NYCHA CEO Olatoye to steamroll land leases over tenants' objections

By LOUIS FLORES

New York City Housing Authority CEO Shola Olatoye said city housing officials were preparing to keep rolling-out the a controversial plan to lease open spaces on public housing developments to private real estate interests in an effort construct more affordable housing, according to an article written by the journalist Laura Nahmias and published by POLITICO New York. 

NYCHA CEO Olatoye said the land-lease program, referred to as an infill plan, will move forward, even if it means going over the objections of public housing tenants.

"It’s not a question of if. It will happen," NYCHA CEO Olatoye told Ms. Nahmias.

In spite of numerous requests made by Progress Queens for interviews of NYCHA officials, including of NYCHA CEO Olatoye, no public housing agency officials has agreed to be interviewed by Progress Queens.  Similarly, no de Blasio administration housing officials has agreed to be interviewed for a series of Progress Queens reports about the city's housing policies, including about the radical changes being made to NYCHA.

NYCHA CEO Olatoye's obstinate posturing that threatens to run roughshod over the consensus of NYCHA tenants validates a deep dive by Progress Queens into the de Blasio administration's treatment of land use.

To justify giving private real estate interests an entry to lease city real property for the construction of new apartment buildings, NYCHA CEO Olatoye described the proposed sites for leasing as "strewn with trash" and fenced off.  However, during a visit Monday afternoon to a parking lot at the Mill Brook Houses, an infill plan site of proposed development, a reporter noted that the parking lot was not strewn with trash.  The parking lot was indeed gated for security, not to discourage use.  Indeed, during the inspection, there were 22 vehicles amongst the 82 spaces in the parking lot.

A gated parking lot at the Mill Brook Houses in Mott Haven, The Bronx, as seen on Monday, August 17, 2015.  New York City Housing Authority CEO Shola Olatoye has said that spaces identified for its controversial infill plan to lease open lots on NYCHA properties to private real estate developers can be rationalised, because the proposed sites are "strewn with trash" and not in use.  However, the condition of the Mill Brook Houses parking lot was relatively well kept, except for discards that are typically wind-blown from city sidewalks.  Source :  Louis Flores/Progress Queens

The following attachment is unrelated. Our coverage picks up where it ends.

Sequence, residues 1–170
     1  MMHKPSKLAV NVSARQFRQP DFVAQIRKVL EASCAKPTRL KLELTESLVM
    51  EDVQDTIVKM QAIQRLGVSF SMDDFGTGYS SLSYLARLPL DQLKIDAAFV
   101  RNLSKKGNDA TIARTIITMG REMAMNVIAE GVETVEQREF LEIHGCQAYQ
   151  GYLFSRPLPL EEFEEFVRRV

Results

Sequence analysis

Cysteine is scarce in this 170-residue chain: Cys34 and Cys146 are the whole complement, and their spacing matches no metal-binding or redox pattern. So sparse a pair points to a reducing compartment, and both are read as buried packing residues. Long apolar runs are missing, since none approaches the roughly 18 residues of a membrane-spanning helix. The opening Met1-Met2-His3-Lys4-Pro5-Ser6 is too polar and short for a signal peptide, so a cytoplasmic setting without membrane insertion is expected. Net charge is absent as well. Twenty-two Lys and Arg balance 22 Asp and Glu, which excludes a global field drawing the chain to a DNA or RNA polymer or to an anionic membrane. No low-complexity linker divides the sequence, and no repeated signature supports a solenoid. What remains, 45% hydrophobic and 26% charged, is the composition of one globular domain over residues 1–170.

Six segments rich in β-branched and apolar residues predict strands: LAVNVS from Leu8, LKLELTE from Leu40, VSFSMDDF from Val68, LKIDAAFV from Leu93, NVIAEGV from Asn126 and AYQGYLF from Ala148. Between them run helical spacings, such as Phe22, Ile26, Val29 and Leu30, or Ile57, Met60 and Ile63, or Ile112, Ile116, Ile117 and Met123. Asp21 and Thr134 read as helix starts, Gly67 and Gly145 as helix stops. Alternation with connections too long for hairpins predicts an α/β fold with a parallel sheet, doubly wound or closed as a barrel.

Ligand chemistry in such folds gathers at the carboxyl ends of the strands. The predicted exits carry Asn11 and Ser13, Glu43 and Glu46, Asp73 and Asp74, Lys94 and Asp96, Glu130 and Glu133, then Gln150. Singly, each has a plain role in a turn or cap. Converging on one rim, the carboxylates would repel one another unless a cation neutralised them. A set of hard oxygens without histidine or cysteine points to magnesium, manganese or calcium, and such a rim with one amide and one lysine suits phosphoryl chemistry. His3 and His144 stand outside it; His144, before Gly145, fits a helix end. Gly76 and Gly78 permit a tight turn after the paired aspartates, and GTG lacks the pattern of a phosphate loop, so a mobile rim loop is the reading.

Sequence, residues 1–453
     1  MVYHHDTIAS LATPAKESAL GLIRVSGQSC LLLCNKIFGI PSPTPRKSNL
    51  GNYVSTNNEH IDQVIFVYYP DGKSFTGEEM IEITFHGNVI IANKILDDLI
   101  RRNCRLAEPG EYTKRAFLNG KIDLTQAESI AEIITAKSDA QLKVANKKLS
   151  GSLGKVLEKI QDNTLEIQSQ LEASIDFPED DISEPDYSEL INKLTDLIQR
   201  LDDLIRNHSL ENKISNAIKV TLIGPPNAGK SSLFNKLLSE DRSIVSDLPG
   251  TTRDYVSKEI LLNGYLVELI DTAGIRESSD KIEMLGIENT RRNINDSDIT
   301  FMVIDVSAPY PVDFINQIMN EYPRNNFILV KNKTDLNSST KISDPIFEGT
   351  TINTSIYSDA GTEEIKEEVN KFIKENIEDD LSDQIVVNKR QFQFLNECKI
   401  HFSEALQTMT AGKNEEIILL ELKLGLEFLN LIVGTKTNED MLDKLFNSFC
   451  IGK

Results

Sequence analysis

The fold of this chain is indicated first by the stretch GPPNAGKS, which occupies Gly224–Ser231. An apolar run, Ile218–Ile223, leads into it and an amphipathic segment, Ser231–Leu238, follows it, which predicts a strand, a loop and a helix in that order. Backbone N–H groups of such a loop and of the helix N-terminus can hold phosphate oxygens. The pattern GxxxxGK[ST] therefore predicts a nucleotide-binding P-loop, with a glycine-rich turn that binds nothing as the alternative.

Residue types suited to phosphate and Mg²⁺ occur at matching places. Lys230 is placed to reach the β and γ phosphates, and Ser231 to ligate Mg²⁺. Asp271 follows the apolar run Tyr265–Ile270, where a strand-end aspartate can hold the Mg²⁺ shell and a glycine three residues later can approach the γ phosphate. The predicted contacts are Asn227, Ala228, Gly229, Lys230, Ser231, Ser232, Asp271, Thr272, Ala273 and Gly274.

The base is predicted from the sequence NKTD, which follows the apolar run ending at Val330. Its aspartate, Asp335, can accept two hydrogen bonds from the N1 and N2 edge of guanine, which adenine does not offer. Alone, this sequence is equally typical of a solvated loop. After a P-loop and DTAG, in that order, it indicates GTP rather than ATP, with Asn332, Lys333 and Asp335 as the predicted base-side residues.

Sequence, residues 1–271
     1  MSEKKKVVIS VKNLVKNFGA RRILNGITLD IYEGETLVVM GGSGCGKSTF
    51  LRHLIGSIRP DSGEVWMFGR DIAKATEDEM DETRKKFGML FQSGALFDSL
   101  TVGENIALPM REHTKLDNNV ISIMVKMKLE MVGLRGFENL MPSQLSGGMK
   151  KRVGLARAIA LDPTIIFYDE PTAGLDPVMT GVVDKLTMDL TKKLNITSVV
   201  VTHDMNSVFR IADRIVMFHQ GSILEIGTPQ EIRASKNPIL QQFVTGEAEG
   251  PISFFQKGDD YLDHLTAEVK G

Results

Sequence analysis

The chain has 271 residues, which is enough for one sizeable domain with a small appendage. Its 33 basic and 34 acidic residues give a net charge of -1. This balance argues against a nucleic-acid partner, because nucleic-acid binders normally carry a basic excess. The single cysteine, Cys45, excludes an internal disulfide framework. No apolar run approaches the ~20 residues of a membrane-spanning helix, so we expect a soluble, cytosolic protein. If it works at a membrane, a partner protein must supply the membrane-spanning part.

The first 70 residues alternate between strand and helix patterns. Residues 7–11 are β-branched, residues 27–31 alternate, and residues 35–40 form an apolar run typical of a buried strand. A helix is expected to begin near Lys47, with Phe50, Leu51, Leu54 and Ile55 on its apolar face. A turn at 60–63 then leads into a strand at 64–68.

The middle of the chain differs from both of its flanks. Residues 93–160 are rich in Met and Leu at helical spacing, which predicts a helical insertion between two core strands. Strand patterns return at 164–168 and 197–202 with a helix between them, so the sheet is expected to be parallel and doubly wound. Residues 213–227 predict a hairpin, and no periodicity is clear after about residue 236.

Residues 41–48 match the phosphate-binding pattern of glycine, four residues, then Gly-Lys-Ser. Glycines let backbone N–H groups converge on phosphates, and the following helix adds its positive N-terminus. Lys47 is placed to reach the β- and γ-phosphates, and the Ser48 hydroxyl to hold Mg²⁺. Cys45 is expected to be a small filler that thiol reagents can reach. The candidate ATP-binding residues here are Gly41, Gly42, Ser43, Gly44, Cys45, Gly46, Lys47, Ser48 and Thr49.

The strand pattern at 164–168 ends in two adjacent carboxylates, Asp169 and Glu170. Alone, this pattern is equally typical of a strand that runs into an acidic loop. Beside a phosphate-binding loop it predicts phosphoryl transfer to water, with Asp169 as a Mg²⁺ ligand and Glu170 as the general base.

A gated parking lot at the Mill Brook Houses in Mott Haven, The Bronx, as seen on Monday, August 17, 2015.  New York City Housing Authority CEO Shola Olatoye has said that spaces identified for its controversial infill plan to lease open lots on NYCHA properties to private real estate developers can be rationalised, because the proposed sites are "strewn with trash" and not in use.  However, the condition of the Mill Brook Houses parking lot was relatively well kept, except for discards that are typically wind-blown from city sidewalks.  Source :  Louis Flores/Progress Queens

In the most recent Progress Queens report on the subject of the impact of the infill plan on the Mill Brook Houses in Mott Haven, The Bronx, a NYCHA tenant, Jeanne Bell said cynically of of the real estate market pressures creeping into the actions of NYCHA officials, "They want to do what they want to do."

After NYCHA first announced the beginnings of its privatization plan, Mayor Bill de Blasio (D-New York City) said during a press conference that he was not familiar with the sale of a portfolio of project-based, Section 8 buildings, according to a report written by the reporter Dana Rubinstein and published by POLITICO New York.  However, critics of NYCHA have asserted that Mayor de Blasio is involved in all major decision-making, yet hides behind his officials.

"Far too often, the mayor uses people like Olatoye as fronts and then undermines them by micromanaging matters from City Hall," co-wrote the Rev. David Brawley and the Rev. Francis Skelly in an editorial published by The New York Daily News.

To restore credibility and accountability at NYCHA in the face of growing complaints about deteriorating conditions at NYCHA apartments, tenants and officials with the Metro Industrial Areas Foundation, a coalition of groups to which both Rev. Brawley and Rev. Skelly belong, have called on NYCHA CEO Olatoye to step down.